Where is your favourite place in Middlesbrough?

r00fie1

Well-known member
Commerce House the old Bank on the corner is behind the renovation - the buildings will be linked to the rear. It will be retail downstairs and office upstairs. Timed to coincide with the next phase of the Railway Station works - the old Cornerhouse is being converted into two office spaces (already taken) but externally it will retain all the old features and in fact have bottle green window frames, as a nod back to Winterschadens wine merchants that was based here for many, many years.
There will also be a new station entrance directly off Zetland Road. The tunnel entrance from Bridge Street will continue straight through and under the station to Zetland Road, with sliding glass doors.
There are a couple more phases of work on the station including increasing capacity to double the trains to Newcastle and for increased traffic to London. A new passenger platform to the rear of the station will be built.
Building work is already under way as you can see by the scaffolding.
Have you noticed that the old Slam nightclub has now been demolished. The plan isto open up the renovated Exchange Square from both sides of the A66 and to have a performance stage area - this is already in demand, several events are already in the pipeline here.
Noticed the demolition.(y)
Cant wait for the station to get started in ernest - its going to be a real transformation.
Its what the town needs.
index.jpg
Also - if you go to the furthest east along platform 2 - you can see where work has already begun on the renewed platform edging for platform 3.
Presumably the Nunthorpe / Whitby service will use that platform?
index.jpg
 
Last edited:

BlindBoyGrunt

Well-known member
Riverside Stadium not allowed as an answer.

Can be a public place, a bar/restaurant, your house if you like!

I think mine is Albert Park. Love running around there, find it very peaceful and the path from the lake at the bottom up to the fountain with the overhanging trees is beautiful, especially at this time of year.
I also go running in Albert Park, it's a lovely space. Stewart Park is bigger and prettier but Albert has a better class of clientele.
 

sadgit

Well-known member
actually, I have just looked out of my bedroom window and I sometimes forget I can see, Rosebery topping and Captain Cook Monument. I love this area!
 

johnsmithsno2

Active member
To pick one favourite is a toughy. But here's my top 6... 1) Stewarts Park 2) Eston Hills 3) Ayresome Park and surrounding areas (used to walk round with my great grandad and he'd tell me loads of stories of when he grew up around there) 4) Dorman museum (another place i'd go with my great grandad) 5) Fleetham Street (where my great nanna and grandad lived in the 80s) 6) Albert Park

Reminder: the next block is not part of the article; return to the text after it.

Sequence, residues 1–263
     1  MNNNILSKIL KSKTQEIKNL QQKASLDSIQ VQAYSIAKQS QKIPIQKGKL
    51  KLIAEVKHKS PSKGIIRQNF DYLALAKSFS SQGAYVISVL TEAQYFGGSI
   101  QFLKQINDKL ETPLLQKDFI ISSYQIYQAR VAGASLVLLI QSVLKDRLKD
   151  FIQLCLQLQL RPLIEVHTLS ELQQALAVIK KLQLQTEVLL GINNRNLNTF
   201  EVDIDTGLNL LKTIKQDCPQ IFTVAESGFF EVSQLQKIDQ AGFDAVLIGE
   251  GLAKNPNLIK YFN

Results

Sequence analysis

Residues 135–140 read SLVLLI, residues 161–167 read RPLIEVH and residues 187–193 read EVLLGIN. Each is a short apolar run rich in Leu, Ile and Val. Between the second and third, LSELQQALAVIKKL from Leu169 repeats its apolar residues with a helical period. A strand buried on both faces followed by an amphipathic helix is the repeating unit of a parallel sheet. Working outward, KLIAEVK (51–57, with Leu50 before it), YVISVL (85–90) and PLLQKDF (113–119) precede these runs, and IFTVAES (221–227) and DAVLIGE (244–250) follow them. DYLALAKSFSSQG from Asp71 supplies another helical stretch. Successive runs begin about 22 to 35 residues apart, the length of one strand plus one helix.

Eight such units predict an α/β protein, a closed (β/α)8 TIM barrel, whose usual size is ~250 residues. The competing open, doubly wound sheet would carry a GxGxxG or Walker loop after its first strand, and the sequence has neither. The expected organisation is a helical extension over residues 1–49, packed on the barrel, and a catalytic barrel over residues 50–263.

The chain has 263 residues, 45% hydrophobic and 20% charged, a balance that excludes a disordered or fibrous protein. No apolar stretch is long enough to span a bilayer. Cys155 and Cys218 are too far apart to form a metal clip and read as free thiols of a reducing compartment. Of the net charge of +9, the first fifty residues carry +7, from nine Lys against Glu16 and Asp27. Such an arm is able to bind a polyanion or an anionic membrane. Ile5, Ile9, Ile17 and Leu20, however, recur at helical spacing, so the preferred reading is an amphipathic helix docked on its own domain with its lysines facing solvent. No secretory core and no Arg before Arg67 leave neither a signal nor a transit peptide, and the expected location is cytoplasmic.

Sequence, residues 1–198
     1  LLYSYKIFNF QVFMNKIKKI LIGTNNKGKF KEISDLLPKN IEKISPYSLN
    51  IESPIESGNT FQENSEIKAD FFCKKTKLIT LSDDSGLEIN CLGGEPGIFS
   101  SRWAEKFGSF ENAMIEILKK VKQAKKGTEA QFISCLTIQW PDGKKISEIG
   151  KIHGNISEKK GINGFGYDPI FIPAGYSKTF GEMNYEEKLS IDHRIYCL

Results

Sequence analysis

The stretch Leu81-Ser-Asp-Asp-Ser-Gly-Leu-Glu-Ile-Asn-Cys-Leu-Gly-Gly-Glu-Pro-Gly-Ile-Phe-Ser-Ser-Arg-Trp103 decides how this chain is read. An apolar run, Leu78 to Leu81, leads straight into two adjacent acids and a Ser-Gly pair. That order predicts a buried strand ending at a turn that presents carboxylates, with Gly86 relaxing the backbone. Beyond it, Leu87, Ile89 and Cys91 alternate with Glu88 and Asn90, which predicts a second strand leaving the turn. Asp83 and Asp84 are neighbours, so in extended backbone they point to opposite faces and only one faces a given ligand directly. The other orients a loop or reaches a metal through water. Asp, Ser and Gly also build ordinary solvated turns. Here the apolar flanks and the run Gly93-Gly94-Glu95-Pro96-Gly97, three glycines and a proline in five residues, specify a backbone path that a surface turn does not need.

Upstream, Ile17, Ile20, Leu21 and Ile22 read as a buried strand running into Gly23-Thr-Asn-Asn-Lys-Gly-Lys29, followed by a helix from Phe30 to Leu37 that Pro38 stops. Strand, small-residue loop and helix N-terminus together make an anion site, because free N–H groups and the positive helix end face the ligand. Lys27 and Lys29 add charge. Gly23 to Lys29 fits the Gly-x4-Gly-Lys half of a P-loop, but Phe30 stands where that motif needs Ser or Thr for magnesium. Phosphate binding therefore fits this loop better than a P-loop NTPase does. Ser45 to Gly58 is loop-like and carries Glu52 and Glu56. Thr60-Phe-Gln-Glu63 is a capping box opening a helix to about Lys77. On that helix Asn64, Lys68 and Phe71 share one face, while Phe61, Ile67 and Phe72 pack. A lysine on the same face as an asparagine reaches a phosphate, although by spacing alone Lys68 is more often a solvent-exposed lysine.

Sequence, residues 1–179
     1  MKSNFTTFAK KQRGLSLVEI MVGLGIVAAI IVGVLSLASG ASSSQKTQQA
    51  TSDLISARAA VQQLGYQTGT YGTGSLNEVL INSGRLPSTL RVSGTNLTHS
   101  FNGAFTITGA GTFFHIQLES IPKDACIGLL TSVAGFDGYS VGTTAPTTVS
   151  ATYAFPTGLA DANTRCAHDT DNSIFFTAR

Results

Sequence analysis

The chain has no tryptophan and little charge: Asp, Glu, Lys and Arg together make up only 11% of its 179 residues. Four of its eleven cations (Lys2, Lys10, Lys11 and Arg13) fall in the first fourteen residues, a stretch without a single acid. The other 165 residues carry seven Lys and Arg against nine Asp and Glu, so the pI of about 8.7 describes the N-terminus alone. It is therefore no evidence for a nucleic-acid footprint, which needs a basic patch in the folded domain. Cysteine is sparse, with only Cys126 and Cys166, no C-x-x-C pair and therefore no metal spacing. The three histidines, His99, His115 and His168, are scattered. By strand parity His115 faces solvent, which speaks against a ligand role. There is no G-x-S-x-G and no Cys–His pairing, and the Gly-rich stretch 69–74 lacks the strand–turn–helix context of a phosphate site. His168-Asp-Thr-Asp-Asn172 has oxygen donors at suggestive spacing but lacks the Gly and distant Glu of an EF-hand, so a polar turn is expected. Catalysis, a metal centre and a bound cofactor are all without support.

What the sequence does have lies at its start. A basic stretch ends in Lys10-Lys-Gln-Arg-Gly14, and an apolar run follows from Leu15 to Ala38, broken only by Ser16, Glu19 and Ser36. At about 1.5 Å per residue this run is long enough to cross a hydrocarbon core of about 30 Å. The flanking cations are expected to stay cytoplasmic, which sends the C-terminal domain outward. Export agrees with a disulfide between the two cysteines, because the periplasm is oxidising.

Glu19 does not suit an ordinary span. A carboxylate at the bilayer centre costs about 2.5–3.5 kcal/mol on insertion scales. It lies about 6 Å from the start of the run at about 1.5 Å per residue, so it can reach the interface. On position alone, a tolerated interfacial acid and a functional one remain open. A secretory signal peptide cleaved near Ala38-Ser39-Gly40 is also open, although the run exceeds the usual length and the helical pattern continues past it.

Dorman Museum's a great shout.
 

Smogonsea

Member
I loved the ‘brickey’ (which other people will know it as) but I just knew it as the field as I grew up opposite it. Great for playing “knockie outie pick a partner” and climbing trees.
 

Facefuzz

Well-known member
No body has said it yet but ormesby hall and the surrounding are. I just remembered as I’ve just got back from there. Those 6 houses near gypsy lane station have gone up fast!!

It’s one of my favourites as I have some great memories from there. The conker tree on jubilee bank was one of the most fruitful in the area. Going over and playing on the cricket pitch. As a youngster I done a paper round for gav’s paper shop. Playing along the beck and riding through the woods.
The church is fantastic. It’s where I have so far spent the happiest day of my life and also the saddest.
 

Funky_Chicken

Well-known member
The transporter bridge - i just like looking at it, and the river and industry around it and imagining what it was like in its heyday, plus it brings back childhood memories of going on it over the river to see my auntie in Hartlepool.
Still haven’t plucked up the courage to bungee jump off it though 😵‍💫
 

Legz

Well-known member
I have 2 for different reasons.

1. Albert Park, dorman museum and a walk down to Creams for desserts with my daughter...bit of us time. She's 15 now and I don't know how much longer having a waffle with mam will trump being out with her mates....we always have some great/deep/important/funny conversations when we're just wandering.

2. Eston Hills. Lost my grandad in June at the grand Old age of 90. He lived in Eston for as long as i remember (and I'm late 40's). Knew the hills like the back of his hand and everytime we went as kids we were up there....bilberrys in June, brambles in august/September, the secret orange stream (obviously now I know its the iron ore colouring it) and so many more. Sometimes I used to find it a bit of a chore and boring....but now how I wish I could be right back there tomorrow 😪😪😪
 

pierrequiroule

Well-known member
Nice memories coming back triggered by the last few posts. Riding on the neighbour's horse and cart to a fish-mongers near the transporter. Doing a milk round up Church Lane and Ormesby Bank before school. Nicking off said school up Eston Hills as I hated it so much. First job after art college was at the Dorman Museum designing the catalogues/publicity. EDIT First house 100 yards from Ayresome Park.
 

Alexander Supertramp

Well-known member
Commerce House the old Bank on the corner is behind the renovation - the buildings will be linked to the rear. It will be retail downstairs and office upstairs. Timed to coincide with the next phase of the Railway Station works - the old Cornerhouse is being converted into two office spaces (already taken) but externally it will retain all the old features and in fact have bottle green window frames, as a nod back to Winterschadens wine merchants that was based here for many, many years.
There will also be a new station entrance directly off Zetland Road. The tunnel entrance from Bridge Street will continue straight through and under the station to Zetland Road, with sliding glass doors.
There are a couple more phases of work on the station including increasing capacity to double the trains to Newcastle and for increased traffic to London. A new passenger platform to the rear of the station will be built.